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Not to be confused with Atlantic Airlines, a British airline.
Atlantic Airways
Founded 1987
Hubs Vágar Airport
Frequent flyer program EuroBonus
Fleet size 7
Destinations 7
Headquarters Faroe Islands Sørvágur, Faroe Islands
Key people
Magni Arge

Atlantic Airways (OMXFO-AIR) is the national airline of the Faroe Islands, operating domestic helicopter services and international passenger services as well as search and rescue responsibilities from its base at Vágar Airport, on the Faroese island of Vágar.[1]



Regular air links to the Faroes had been in operation since 1963, between the islands and Denmark. Although the airport at Vágar had been constructed by the British Army during World War II, air traffic to the islands was practically non-existent between the departure of the British and the start of services to Copenhagen. Calls for the creation of a Faroese airline company began in the early 1980s. Passenger numbers were steadily increasing and Danish carrier Maersk Air enjoyed the monopoly as the sole airline to serve the Faroe Islands.

Atlantic Airways Avro RJ aircraft at Vágar Airport

As a result, Atlantic Airways was established in 1987, initially between the Faroese Government (51%) and Danish airline Cimber Air (49%), though the Faroese government would assume full ownership in 1989. Flights commenced between Vágar and Copenhagen on 28 March 1988 using a British Aerospace BAe 146. A hangar was built at Vágar by the Faroese government in order to secure Atlantic Airways' home base in the Faroes, ensuring maintenance facilities were available on the islands.

The aim of the new airline company was to build up a Faroese aviation industry on a commercial basis and to ensure the Faroe Islands an air connection with the outside world. Flight crews and management were Faroese.

Though load factors were high and the new service was popular, Atlantic Airways had a turbulent beginning economically. The Faroe Islands suffered a severe economic depression in the early 1990s, and at its nadir in 1992, the Faroese government delivered 75 m DKK in aid to the ailing carrier. Atlantic Airways would not become profitable until 1995.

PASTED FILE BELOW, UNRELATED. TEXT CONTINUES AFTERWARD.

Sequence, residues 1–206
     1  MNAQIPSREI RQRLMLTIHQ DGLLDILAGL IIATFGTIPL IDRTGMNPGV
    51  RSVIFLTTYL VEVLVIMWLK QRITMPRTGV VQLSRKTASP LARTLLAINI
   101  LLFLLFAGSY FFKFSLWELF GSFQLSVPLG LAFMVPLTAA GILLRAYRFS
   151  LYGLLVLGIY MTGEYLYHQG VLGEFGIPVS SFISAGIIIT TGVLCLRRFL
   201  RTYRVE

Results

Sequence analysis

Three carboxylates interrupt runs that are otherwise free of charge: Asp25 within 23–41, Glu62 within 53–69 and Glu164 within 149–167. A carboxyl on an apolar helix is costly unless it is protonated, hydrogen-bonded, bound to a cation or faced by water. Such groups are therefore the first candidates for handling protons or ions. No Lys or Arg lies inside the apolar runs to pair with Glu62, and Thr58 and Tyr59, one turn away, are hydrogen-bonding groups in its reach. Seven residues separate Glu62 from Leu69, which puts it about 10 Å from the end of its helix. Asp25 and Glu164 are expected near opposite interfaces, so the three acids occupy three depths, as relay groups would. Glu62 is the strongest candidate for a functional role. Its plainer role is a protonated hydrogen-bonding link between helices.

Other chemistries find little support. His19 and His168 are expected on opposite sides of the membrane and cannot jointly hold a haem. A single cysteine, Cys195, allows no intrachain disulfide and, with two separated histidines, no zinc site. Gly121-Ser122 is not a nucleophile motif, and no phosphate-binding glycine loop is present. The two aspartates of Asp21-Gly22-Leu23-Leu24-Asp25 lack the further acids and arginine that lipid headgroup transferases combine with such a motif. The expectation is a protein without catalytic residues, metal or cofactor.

Flights were launched to Reykjavík in 1995 in co-operation with Air Iceland, and also to Narsarsuaq in Greenland in the summer months, in co-operation with Air Iceland. The latter half of the 1990s saw Billund in Denmark and Aberdeen in the UK added to Atlantic Airways' flight schedule.

The growing list of destinations and passenger numbers, together with the stabilisation of the airline's finances, saw a second BAe 146 added to the fleet in 2000. This new aircraft meant services to London (Stansted) in the UK and the Norwegian capital Oslo added to the network. Growth in tourism on the islands has also enabled flights to Aalborg, Stavanger, Stord and Edinburgh. However, for the 2006 season services to Stord have been discontinued, and Edinburgh replaced by the Shetland Islands. Atlantic Airways also entered the UK domestic market in 2006, becoming the only carrier to offer a direct service between Shetland and London, which it does on a twice weekly basis. The domestic operation in UK ended in 2008.

Atlantic Airways also operates a domestic service by helicopter, in many instances a vital connection to many of the islands, which otherwise can only be reached by sea. The helicopter has proved a vital tool on the islands since the 1960s, when helicopters from Danish coast guard vessels patrolling the Faroes undertook a variety of tasks, including ferrying equipment and supplies between the islands. The government hired a helicopter in 1978 for these tasks, but in the 1980s a commercial public helicopter service was launched linking each of the islands using two Bell Helicopter Textron aircraft.

Another view of the above landing

Initially, the helicopter service was a standalone company, SL Helicopters, but the decision to concentrate Faroese aviation into one firm led the helicopter department becoming part of Atlantic Airways in 1994. The helicopters provide a round trip 'hopper' service to each of the islands, which is also ideal for tourists looking for aerial views. The company is required to have at least one helicopter, operational and ready for search and rescue duties.